I Believe I Can Fly – R. Kelly. For many years I had to put my life on hold through sheer necessity as I cared for family members who needed me – firstly for my daughter, who had a lot of medical problems which kept her constantly in and out of hospital as a child, and then for my mother, who developed Alzheimer’s from which she suffered for ten years. Towards the end of this period of my life I had a significant birthday and threw a huge party for all of my friends. Not only was it my birthday but it was also the week of the publication of my very first book. I wore huge red feathered wings to the party and I really did feel I could fly!
My Way – Frank Sinatra. This song always reminds me of my dad. I was very close to my dad and whenever I had a problem, he was always the one person I would turn to for advice. I miss him every single day. I still speak to him even though he is no longer here, particularly when something is worrying me. It may sound weird but quite often, after doing so, a white feather mysteriously appears on the ground – like some kind of calling card. I find it both comforting and reassuring to feel that he’s still around as my guardian angel. My dad loved this song and it was one he would always sing at parties too. He was one of life’s ‘big characters’ and I think it sums him up perfectly. We played it at his funeral.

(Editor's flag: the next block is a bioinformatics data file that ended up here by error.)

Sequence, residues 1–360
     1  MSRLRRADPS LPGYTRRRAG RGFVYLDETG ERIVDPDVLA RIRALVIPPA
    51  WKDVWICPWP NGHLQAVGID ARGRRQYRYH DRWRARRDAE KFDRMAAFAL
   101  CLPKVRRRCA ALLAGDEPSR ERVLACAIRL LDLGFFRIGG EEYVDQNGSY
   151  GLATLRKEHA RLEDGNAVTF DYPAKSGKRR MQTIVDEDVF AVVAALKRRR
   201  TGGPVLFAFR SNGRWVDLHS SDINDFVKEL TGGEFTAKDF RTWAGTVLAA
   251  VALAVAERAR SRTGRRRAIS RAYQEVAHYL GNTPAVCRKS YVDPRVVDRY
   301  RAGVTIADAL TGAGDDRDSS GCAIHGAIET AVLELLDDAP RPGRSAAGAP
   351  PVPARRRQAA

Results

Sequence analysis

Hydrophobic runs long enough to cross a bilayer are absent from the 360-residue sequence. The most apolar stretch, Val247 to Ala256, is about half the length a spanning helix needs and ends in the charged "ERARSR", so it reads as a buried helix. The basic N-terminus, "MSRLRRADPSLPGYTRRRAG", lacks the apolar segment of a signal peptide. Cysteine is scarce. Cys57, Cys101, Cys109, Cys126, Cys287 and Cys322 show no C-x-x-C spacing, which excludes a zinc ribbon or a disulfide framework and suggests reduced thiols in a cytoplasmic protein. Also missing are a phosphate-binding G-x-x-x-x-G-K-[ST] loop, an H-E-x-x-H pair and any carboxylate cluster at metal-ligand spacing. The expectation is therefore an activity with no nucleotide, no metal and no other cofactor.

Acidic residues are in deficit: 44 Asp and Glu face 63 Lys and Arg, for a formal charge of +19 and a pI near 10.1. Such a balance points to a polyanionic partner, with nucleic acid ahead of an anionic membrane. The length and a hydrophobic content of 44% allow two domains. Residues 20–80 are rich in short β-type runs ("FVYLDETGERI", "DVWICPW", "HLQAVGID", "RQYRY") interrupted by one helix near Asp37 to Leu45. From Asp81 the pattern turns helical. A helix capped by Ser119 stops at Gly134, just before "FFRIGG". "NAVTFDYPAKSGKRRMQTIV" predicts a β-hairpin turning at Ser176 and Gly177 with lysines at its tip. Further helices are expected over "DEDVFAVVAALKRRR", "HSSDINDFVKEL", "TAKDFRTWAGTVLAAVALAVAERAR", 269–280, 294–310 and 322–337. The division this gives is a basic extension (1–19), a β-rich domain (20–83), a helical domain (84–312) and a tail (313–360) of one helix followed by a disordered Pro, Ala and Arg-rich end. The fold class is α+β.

Dancing Queen – Abba. I may not be young and sweet and only seventeen ( I wish) but I am the dancing queen! Give me some music and a dancefloor and I’m away. Who needs alcohol for Dutch courage? Certainly not me, I can dance all night on water – and frequently do!
What five things (apart from family and friends) would you find it hard to live without.
My dog. I have a cavapoochon called Alfie, who is my absolute shadow. He is the most gentle, sensitive dog I have ever known and he is never far from my side. We were in Edinburgh recently and I was reminded of the story of Greyfriars Bobby. I can imagine Alfie doing exactly as Bobby did if he was to outlive me. And, still on the music theme, Alfie is the only creature on the planet who would gaze at me with such adoration as he listens to my rendition of ‘What’s It All About, Alfie?’ – anyone else would run away screaming!